Sitting in a soft-stripped flat on the 21st floor of a semi-abandoned tower block in the Kensington district of Liverpool I am temporarily the highest resident on Merseyside. I can see the sunlight dapple the flanks of Snowdon nigh on 70 miles to the south. I can see the Wirral like a spatulate tongue licking the Irish Sea. I can see the Mersey itself, coursing through its trough of defunct docks. Towards Bootle, the gargantuan sails of wind turbines look like propellers powering the upside down burgh through the steely grey sky. Ranged across the mid-ground are the signature buildings of the city: the Liver Buildings with their sentinel herons; the mucoid concrete of the hospital; the dirty white stalk of the radio station with its restaurant revolving like a conjurer’s plate; and the two cathedrals, one the outhouse of the morally relativist gods, the other a split yoghurt pot oozing spiritual culture.
The graticule of streets spreads out from the base of my tower, a tight stacking of tiled roofs which gleam wet with rain. I sit here from dawn to dusk watching the weather systems roll in, completely divorced from the human life of the city. The block will soon be demolished. Twenty years ago, tens of these concrete snaggle teeth gnashed Liverpool’s flesh – but they’ve mostly been extracted. Draughts sough in the empty corridors and cavernous stairwells. As the block is emptied out – so is the city itself; and despite endless talk of regeneration, the fact remains that Liverpool has halved in population since the Second World War. To apprehend this you have only to observe the slow trickle of outward-bound traffic which is the rushhour, or descend into the financial district at 5.30pm, where you’ll find hardly anyone at all. The impressive Victorian municipal buildings lower in the dusk, stage sets for an epic long
Occasionally the Wirral is too tantalising and I grab my foldaway bicycle, sprint to the lift, plummet to the ground, freewheel all the way down the hill to the Pier Head and take the ferry across the Mersey. “Ferry, cross the Mersey!” sings Gerry over the Tannoy, while the Pacemakers plink- plonk their accompaniment. This is a moment of maximum urban quiddity, the song hymning the vehicle while you’re actually on it. It’s like a busker singing “Streets of London” in the streets of London, at once sweetly homely and infinitely claustrophobic. But all too soon we’ve heaved to at Seacombe and I’m pedalling along the magnificently sculpted Wallasey Embankment past the tidy villas of Egremont. On and on, the peninsula curving and curving to my left as I circumvent the last resort of New Brighton.
Empty sky, flat sea, sharp wind. The occasional lonely walker, head bowed to escape the oppression of the sky. If I felt alone in the echoing precincts of the city, I now feel completely abandoned. On the outskirts of Hoylake, a fat middle manager sleeps off his expense-account pub lunch slumped in his Vauxhall Omega, while I take a piss in a WC acrid with fresh saltwater and ancient urine. I thought I might walk from the point across to the tidal island of Hilbre, there to commune with seals, but in the event my timing is wrong, so I cycle to the station, fold the bike up and take the train back into the centre.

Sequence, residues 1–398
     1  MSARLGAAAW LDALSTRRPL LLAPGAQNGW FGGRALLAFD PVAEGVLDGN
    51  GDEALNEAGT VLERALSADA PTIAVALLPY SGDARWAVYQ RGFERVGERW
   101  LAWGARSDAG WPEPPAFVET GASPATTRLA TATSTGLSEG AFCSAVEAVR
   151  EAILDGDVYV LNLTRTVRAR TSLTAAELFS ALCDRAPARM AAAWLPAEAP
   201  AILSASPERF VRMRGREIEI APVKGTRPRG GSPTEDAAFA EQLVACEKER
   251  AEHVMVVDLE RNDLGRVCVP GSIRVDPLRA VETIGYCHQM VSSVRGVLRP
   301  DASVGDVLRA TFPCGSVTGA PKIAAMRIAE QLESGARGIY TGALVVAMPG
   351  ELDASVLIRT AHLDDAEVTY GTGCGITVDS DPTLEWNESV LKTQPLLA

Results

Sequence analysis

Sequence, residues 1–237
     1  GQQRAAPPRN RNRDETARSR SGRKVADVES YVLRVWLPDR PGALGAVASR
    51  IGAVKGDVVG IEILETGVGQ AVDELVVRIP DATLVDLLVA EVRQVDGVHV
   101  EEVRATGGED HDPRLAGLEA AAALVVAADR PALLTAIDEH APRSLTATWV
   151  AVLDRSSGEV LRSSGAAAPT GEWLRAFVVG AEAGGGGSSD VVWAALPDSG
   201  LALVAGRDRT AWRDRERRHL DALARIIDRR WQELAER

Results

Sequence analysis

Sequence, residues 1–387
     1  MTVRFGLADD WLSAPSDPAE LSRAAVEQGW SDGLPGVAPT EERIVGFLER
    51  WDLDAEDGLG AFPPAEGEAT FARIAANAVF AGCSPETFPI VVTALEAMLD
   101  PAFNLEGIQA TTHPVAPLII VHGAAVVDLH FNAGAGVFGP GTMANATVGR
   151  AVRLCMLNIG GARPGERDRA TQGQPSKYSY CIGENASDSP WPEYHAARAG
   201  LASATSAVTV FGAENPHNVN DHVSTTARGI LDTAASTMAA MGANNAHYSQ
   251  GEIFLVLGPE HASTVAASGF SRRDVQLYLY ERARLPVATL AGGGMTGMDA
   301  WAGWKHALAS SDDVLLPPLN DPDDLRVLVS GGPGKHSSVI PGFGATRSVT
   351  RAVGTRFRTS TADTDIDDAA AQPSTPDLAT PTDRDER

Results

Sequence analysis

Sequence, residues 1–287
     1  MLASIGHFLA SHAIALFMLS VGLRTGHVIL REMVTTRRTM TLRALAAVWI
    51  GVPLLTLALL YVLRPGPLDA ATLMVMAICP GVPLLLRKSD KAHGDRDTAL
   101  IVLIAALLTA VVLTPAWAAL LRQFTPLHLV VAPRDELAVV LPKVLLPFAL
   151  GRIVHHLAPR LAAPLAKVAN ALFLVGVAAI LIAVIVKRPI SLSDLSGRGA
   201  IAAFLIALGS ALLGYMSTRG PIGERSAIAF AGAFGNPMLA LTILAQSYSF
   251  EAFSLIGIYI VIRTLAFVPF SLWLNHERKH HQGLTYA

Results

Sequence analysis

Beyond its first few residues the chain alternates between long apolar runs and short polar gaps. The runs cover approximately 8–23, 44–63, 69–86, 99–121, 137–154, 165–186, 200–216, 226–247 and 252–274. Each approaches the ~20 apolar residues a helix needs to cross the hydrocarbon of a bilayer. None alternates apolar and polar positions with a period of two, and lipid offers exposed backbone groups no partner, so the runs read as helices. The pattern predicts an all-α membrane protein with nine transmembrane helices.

At Birkenhead we descend clanking into the tunnel under the Mersey, and suddenly all is echoing expanses of white tiling, festoons of cabling, and glimpses of tortuous machinery which suggest the dystopic vision of Piranesi. Intended for a far larger population, the superb local rail system of Merseyside is housed in caverns beneath the city itself, a ghost train endlessly circumnavigating the interior of this dark star of urbanity. But as if these tunnels, and the Queensway road tunnel under the river, weren’t enough of a vermiculation, in the last few years a group of enthusiastic volunteers have been opening up the Williamson Tunnels. These brick-lined conduits were built by a local magnate during the early decades of the 19th century. Some say they were a labour-creating project, a piece of proto-Keynesianism, intended to provide employment for soldiers returned from the Napoleonic wars. Others aver that Williamson himself was a Millenarian, and that the tunnels were intended as a refuge for Liverpudlians from the
If the tunnels’ genesis is in dispute, then so is their extent. Some claim there’s only a few hundred metres of them, but others swear that the whole fabric of the city is riddled like a vast Emmental cheese. Whatever the truth of the matter, the tunnels are a curious complement to the depopulation of Liverpool, an introjection of the municipality’s own sense of its emptiness; after all, if so many people have vanished, where can they possibly have gone to?